And then I'm supposed to tag five more booklovers to do the same thing. But . . . I'm not going to do that. I don't mind being tagged and think it's kind of fun. But I don't like to intrude on others, so here's what I've been doing with other recent memes I've received: self-selective tagging. If you read this and want to participate, I invite you to consider yourself tagged. And maybe you'll leave a comment here to that effect . . .

VCCA Arrival

This is my fourth residency at the Virginia Center for the Creative Arts, and I've really been looking forward to it as a way to refocus. I hope it works. On previous visits, I arrived in the morning before lunch, allowing me all afternoon to get to work. Because I had to give the "final exam" to my class today, however, I wasn't able to get on the road until almost 3:30, and so I arrived at VCCA shortly before 5:00. (It isn't a long trip, obviously--just over the mountain.)

I moved my stuff in quickly because I have a ground-floor room this year. (I brought too much stuff. Again.) Then I drove out to the barn to move into my studio. When I saw that I was in W4, I thought it was the same one I was in a couple of years ago and I was somewhat disappointed. But I quickly discovered that (a) it's a different studio and it's fantastic; and (b) I needn't have worried because the studios on this side of the barn have, apparently, been recently renovated. In any case, the studio is large, I have a great view, nice furniture, and I'm psyched about working here.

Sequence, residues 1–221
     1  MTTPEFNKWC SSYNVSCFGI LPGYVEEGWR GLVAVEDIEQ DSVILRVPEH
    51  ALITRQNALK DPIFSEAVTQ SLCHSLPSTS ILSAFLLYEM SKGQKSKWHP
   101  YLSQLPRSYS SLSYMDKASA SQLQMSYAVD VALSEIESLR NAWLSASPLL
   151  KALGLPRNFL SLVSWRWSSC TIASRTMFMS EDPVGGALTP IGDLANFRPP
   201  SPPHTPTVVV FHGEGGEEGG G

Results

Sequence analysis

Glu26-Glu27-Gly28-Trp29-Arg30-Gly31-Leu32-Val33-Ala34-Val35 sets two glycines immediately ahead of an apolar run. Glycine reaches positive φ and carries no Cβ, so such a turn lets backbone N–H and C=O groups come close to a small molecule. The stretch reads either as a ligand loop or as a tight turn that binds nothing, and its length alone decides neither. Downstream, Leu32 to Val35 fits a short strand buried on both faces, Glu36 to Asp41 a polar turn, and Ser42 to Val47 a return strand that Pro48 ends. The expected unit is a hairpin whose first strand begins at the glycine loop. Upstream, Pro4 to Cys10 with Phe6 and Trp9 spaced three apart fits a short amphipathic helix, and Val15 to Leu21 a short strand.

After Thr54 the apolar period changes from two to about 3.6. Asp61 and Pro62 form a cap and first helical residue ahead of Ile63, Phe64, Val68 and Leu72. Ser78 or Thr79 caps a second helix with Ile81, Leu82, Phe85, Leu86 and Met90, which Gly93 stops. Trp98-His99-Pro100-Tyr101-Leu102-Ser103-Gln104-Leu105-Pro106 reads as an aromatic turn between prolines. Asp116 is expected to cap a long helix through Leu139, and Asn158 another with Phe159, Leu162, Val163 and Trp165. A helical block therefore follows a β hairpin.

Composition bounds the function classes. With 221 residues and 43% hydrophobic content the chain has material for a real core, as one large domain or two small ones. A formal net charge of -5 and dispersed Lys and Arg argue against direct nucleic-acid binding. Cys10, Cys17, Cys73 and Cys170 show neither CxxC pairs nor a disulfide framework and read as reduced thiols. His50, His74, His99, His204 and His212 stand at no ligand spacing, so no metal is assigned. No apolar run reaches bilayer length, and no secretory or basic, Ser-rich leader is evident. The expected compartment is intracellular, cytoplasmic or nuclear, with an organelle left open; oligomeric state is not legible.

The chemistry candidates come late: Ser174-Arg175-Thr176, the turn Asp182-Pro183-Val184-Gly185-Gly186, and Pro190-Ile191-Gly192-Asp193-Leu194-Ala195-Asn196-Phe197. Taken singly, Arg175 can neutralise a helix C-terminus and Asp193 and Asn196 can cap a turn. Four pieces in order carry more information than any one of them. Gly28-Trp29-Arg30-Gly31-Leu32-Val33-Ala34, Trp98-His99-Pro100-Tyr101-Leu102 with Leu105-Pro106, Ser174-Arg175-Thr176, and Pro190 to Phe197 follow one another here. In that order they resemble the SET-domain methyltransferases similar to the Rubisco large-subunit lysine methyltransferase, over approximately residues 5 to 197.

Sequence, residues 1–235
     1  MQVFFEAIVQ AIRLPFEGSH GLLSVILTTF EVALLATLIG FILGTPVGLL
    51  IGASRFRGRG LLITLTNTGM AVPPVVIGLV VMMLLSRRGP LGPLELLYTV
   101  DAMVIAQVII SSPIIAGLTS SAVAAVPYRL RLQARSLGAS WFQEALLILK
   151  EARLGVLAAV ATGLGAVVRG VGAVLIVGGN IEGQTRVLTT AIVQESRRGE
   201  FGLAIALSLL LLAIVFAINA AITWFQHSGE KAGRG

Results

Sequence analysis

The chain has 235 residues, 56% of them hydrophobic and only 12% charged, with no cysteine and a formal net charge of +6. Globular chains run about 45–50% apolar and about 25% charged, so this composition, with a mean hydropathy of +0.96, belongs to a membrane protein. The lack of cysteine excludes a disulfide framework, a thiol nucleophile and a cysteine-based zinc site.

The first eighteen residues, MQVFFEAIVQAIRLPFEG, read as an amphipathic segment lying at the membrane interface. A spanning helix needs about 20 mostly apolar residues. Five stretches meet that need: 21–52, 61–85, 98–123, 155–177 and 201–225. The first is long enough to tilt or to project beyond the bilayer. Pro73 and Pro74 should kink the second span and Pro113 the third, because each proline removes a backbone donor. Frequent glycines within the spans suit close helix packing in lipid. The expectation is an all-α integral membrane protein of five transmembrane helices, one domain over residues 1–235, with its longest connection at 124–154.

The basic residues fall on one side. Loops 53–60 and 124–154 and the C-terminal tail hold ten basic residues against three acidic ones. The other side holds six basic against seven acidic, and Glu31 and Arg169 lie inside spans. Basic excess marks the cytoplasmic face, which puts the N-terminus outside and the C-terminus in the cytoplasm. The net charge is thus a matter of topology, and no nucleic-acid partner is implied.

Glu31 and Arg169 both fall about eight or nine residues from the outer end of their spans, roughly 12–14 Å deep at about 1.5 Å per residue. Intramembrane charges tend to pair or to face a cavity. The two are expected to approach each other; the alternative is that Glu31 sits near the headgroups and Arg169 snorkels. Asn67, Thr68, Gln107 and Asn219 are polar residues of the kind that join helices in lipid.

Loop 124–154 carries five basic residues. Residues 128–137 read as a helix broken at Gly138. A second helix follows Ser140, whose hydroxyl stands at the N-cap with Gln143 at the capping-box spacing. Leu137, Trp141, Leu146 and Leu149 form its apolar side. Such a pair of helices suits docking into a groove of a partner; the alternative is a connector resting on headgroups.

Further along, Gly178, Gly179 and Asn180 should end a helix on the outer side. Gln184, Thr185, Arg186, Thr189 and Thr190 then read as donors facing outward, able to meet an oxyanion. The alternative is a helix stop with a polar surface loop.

I headed back to the residence and unpacked, then read in the lounge (and met people) until dinner. And after dinner I've been getting settled in the studio, putting up my outline on the bulletin board, etc. Tomorrow will be great.

Best Book Covers of 2008

Not much I can add to the caption. It's fun to browse through the covers: Best Book Covers of 2008

Saturday, December 06, 2008

College Hill Review


I've already mentioned this new magazine, but I guess my announcement of its debut was premature. Now, however, it has officially made its appearance online. Please take a look at College Hill Review, including my humble essay on MFA Programs.

2009 Pushcart Prize Rankings

NOTE: FOR THE 2010 PUSHCART PRIZE RANKINGS, GO HERE.

It is time once again to give my annual ranking of literary magazines. As I have noted in years past, the following list looks only at the Pushcart Prizes awarded and Special Mentions in Fiction since 2000. Awards before that date are less relevant, it seems to me, in determining the relative quality of magazines publishing today. In fact, from next year I may start dropping older years out of the formula, in order to keep the list truly current. Note, also, that I am not considering Non-fiction or Poetry in this analysis. A similar list for those genres would be interesting, but I leave that to someone else. Or I'll tackle it at a later date. But not right now.

I'm also not looking at other fine volumes such as the O. Henry Prizes or the Best American Short Stories. Appearing in either of those collections is a high honor, but the selection process isn't comparable to the Pushcarts, and so I don't believe mixing is appropriate, and, besides, many stories appear in two or more of the annual anthologies and that would skew the index. So: just Pushcarts and Special Mentions in Fiction since 2000.